Barrie has ‘evaded responsibility’ on heritage preservation: community advocate

In Barrie, Bill Scott puts his money where his home is. 

The longtime member of the Allandale Neighbourhood Association and Barrie’s historical neighbourhoods strategy committee is calling on the city to do a better job of protecting its heritage properties — especially in the Allandale, Queen’s and Brock parks, downtown core, Kempenfelt Village and Tollendal areas.

There are currently 34 properties listed on the city’s heritage register — 18 have received designation status under the Ontario Heritage Act.

“The city’s approach is that only voluntarily will (properties) get put on the register,” he said, sitting in the living room of his Burton Avenue house, a building constructed in 1900 and once occupied by railway workers. “Council has really evaded its responsibility. It’s supposed to make that register, not invite people to put themselves on it. There should be several hundred properties (listed). One or two get added a year; that’s not enough to protect an area.”

Scott owns one of the first homes listed on the city’s register. Being added to the register does come with some restrictions, perhaps most notably a 60-day delay on the issuance of demolition permits for the property. However, it’s different from full designation status, which can be achieved only through a consultant’s report that identifies unique and historical characteristics on a property — stained glass, interior moulding or roof shape, for example. Once designation is achieved, those elements cannot be altered.

Owners can still do renovations to their property, regardless of the level of protection added, he said.

For example, Scott has completed thousands of dollars of work to his home and intends to rebuild an addition that was placed on the house decades ago.

“Don’t buy an old house if you don’t expect maintenance is a big part of it,” he said. “The soul of a city lies in its history. The historic fabric is the physical memory of what happened here before. If this area is redeveloped to be all modern houses, the history’s gone.”

Scott said St. George’s Anglican and Burton Avenue United churches and most houses on Burton should be listed.

And many of the city’s older neighbourhoods should be designated as historical districts, in a similar manner to the protections Innisfil put in place in Cookstown recently, he said.

“There are, no doubt, many properties — almost all homes — with historic value,” Mayor Jeff Lehman said. “But should they be listed without the owner’s consent? We’re trying to support heritage preservation through grants — carrots, not sticks.”

The next term of council will also need to address neighbourhood protection, he said.

City planning director Andrea Bourrie said municipal staff will present a heritage strategy to council in the fall. Heritage policies will also be explored while the city updates its official plan and zoning bylaws over the next few years.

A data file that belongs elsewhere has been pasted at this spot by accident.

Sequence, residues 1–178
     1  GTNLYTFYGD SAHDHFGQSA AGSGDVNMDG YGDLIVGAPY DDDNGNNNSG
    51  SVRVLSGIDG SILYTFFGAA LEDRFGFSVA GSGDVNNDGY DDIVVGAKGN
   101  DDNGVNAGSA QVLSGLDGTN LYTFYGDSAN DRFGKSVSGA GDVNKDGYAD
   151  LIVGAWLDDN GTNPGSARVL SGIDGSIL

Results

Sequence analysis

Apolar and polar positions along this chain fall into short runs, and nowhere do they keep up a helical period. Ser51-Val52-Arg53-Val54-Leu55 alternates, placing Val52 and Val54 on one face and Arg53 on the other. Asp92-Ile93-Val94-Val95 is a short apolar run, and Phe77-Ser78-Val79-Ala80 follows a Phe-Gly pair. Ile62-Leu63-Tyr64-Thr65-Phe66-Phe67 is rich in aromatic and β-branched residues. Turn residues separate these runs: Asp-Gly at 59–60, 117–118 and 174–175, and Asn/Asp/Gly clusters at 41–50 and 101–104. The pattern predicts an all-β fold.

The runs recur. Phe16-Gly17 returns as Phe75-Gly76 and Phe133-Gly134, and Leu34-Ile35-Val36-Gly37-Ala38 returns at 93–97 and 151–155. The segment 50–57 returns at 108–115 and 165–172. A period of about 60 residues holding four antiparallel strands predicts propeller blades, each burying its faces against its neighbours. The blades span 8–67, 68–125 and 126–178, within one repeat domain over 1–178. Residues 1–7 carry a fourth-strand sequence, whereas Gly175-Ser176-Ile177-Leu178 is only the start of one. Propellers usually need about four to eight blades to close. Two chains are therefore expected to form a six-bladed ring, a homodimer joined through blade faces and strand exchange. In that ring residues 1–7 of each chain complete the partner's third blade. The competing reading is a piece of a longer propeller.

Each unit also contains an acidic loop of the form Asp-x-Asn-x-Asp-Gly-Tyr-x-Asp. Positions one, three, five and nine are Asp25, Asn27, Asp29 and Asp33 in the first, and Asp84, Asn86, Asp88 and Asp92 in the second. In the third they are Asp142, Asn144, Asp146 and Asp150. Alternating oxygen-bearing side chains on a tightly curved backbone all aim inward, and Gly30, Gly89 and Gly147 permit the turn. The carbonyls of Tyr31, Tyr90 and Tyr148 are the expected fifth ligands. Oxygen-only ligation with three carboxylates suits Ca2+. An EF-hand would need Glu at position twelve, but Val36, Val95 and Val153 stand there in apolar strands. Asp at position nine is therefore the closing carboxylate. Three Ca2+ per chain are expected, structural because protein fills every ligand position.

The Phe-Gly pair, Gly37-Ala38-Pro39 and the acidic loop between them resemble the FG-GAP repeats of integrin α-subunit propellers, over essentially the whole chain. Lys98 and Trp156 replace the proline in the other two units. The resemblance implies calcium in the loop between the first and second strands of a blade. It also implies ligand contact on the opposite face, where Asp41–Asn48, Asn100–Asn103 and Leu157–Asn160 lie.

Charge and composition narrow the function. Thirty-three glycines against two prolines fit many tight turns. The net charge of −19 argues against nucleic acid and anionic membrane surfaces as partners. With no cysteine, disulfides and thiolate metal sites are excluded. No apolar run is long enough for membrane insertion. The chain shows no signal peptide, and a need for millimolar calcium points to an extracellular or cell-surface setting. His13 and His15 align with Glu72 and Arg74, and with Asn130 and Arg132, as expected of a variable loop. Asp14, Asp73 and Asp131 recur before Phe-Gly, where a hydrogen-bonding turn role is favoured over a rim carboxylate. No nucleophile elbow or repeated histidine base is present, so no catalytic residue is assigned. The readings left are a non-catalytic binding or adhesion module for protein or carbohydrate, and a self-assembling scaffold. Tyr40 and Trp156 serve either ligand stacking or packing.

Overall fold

“We don’t pursue designation without homeowner support,” she said. “So, the number of homes listed and designated is not entirely within the city’s control.”

Association members will blitz the Allandale area this summer, in an effort to convince more owners to list their properties, Scott said.

Dump trucks banned from using Cookstown roads

There could be less rumbling through Cookstown after council banned Essa Township’s dump-truck traffic.

Deputy Mayor Lynn Dollin put forward a motion June 20 to ban the construction vehicles from using County Road 89 as a way to get to Essa Township developments.

“I’ve emailed Essa Mayor Terry Dowdall, along with council so as not to surprise them,” Dollin said. “It has become a cumbersome problem, I’ve clocked them at about one dump truck every 15 seconds.”

The problem is that the heavy trucks using Church, Queen and King streets cause a safety concern for pedestrians and other traffic, and the town just spent about $2 million to upgrade the road, Dollin noted.

Ward 1 Coun. Doug Lougheed asked where the trucks should be rerouted.

“If they’re coming from Hwy. 400, I can see a logistical problem if they can’t be absolutely in the town of Innisfil,” Lougheed said.

Dollin suggested the trucks are already using the 5th Sideroad of Essa to get to the two dumping sites and added they could use County Road 21 or County Road 27.

Cookstown business owner Joseph Delgrosso said dump trucks aren’t the only problem.

Traffic overall has become worse , he said.

“It’s supposed to be 40 km/h. I don’t understand why the town’s holding back on making it safe,” he said. “That’s why people don’t come here no more. They don’t feel it’s safe.”

He said dump-truck traffic is more consistent in the morning, but a dump truck passes by his storefront almost every minute during the day.

“We need to put a sign up that Cookstown has zero tolerance for speeding,” he said. “Look at Bradford. You go through Bradford like that, they’ll throw you in jail.”

Delgrosso has had his Joseph’s Art Studio space for four years and said he’s never seen police radar patrol in front of his business, even after the town reduced the speed to 40 km/h last year.

“It’s only gotten worse. Sometimes, my windows shake when they go by here.”